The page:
Zimbabweans are under siege Mugabe-style due to a government that is unwilling to tolerate our protests.

In this respect one does not envy president Emmerson Mnangagwa his job which started in a flurry of confidence-building led by slogan shouting about a new dispensation in the offing.

Since then, his government has suffered major setbacks in the sphere of international relations. This has led to a worrying disarray in the thrust of his international policy which has failed to convince, not only members of the Commonwealth but also those other nations that share the same values and beliefs.

One of Mugabe's fundamental blunders was his apparent belief that Zimbabwe could protect its sovereignty and influence by double-dealing. He was imbued with an obsession about his power and judgment of international relations which led to his isolation from the sphere of influence in which he grew up. He chose to play the East against the West.

In this regard Zimbabwe was seen to be flirting with certain countries in the East against the West. How did he expect those in the West that gave him the reins of power to react?

This is perhaps the factor on which he decided the side he wanted to lead Zimbabwe. Mugabe owned Zimbabwe and wanted to be left alone to rule his own back yard un-pestered by those who believed in the principle of protecting human rights and such other tenets of the club against which he had turned his back.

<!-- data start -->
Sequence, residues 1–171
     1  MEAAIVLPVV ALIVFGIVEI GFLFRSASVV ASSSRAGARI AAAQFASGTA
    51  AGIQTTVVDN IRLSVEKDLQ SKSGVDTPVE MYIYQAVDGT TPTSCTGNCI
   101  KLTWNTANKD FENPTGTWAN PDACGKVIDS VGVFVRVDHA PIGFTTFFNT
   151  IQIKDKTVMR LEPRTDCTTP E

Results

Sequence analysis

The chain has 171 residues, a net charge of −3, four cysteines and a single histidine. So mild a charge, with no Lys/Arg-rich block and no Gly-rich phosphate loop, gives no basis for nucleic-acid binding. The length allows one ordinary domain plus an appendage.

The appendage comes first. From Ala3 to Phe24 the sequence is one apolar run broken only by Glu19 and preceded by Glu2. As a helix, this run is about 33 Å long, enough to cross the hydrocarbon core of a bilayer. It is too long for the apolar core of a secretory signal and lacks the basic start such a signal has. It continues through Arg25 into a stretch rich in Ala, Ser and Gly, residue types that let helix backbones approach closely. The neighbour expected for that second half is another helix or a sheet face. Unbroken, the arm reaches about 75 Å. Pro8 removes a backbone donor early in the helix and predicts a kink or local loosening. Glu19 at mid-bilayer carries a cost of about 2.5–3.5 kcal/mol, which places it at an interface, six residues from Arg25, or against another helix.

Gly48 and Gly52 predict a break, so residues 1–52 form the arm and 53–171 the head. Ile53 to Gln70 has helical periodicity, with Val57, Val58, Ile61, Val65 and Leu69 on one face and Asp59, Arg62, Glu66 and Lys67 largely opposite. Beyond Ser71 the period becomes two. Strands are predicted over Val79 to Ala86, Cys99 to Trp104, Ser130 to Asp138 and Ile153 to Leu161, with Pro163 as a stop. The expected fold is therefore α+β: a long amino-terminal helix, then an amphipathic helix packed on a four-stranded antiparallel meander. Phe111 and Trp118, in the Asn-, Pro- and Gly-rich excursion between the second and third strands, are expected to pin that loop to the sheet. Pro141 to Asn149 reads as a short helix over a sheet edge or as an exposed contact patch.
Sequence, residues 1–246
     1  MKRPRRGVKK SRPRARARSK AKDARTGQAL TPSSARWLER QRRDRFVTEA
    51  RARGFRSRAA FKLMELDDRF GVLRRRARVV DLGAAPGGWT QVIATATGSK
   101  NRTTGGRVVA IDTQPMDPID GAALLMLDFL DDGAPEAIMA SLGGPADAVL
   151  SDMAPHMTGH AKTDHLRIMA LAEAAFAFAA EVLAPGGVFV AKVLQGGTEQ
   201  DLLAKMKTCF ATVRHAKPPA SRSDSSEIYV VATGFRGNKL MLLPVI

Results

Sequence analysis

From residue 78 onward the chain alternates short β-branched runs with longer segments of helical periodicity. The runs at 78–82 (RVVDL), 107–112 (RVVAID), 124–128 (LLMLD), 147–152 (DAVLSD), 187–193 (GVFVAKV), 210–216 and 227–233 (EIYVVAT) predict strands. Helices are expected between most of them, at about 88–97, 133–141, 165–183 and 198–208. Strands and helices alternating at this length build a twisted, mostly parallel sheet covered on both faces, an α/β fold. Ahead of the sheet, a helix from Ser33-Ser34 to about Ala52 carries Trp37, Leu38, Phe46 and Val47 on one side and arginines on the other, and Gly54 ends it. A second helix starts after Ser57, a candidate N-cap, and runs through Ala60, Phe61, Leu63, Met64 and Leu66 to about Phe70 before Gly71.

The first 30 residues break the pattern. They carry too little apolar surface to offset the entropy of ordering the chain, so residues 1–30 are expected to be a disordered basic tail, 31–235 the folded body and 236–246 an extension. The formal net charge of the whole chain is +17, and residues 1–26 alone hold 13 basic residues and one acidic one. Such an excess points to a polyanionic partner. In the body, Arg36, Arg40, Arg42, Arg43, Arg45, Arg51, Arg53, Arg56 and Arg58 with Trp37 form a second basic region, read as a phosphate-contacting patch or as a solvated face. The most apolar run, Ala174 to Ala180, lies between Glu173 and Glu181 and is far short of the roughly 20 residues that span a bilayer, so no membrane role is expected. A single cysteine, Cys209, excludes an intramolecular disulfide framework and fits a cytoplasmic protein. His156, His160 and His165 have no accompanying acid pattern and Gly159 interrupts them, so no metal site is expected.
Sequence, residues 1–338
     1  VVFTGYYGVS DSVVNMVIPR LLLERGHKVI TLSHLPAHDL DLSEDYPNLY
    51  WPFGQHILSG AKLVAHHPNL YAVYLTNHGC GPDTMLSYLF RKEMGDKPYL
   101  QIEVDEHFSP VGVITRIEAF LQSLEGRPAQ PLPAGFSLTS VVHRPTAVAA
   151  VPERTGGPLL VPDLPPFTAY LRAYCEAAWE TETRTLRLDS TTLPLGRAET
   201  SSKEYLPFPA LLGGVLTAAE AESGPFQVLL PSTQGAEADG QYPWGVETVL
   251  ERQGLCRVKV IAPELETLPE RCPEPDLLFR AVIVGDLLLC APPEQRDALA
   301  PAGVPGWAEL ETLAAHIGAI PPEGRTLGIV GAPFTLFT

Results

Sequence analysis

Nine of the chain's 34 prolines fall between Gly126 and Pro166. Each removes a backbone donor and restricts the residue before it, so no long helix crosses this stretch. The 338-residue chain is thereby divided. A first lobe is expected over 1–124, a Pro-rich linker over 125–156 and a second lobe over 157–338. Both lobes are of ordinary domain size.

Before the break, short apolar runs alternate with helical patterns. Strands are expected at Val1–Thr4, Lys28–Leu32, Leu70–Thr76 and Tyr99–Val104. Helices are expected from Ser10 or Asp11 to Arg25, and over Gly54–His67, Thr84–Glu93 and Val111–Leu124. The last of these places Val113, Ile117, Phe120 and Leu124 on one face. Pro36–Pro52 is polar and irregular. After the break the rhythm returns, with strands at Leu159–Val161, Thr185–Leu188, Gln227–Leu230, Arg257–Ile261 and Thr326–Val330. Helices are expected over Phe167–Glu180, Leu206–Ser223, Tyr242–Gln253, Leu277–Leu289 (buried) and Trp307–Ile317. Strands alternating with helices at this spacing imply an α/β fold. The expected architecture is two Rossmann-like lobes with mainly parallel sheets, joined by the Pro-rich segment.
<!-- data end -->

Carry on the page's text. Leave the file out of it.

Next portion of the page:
He hallowed corruption and no one in this country or out could influence him to stop. So he chose to join those who would not interfere.

It remains to be seen how his successor Mnangagwa will tackle the problem of increasing or growing isolation of the country and the devastating effects resulting from this position.

Is he going to go all out to bring about change timeously or continue playing for time in a pious hope that things will work out in his favour?

One thing that he does not have on his side is time to get things done to turn around the misfortunes which were wrought by his predecessor.

Zimbabweans are not obtuse and must learn from history.

One of the most telling episodes ever witnessed in the global village is the United States Soviet Union Cuban crisis of (1967) which came very close to precipitating a third world war over Cuba.

Cuba (rightly or wrongly) had appeared to shift its natural sphere of influence in the Western hemisphere in favour of joining the Soviet Union in the East.

The United States moved swiftly to confront the Soviet Union on Cuba's territorial waters.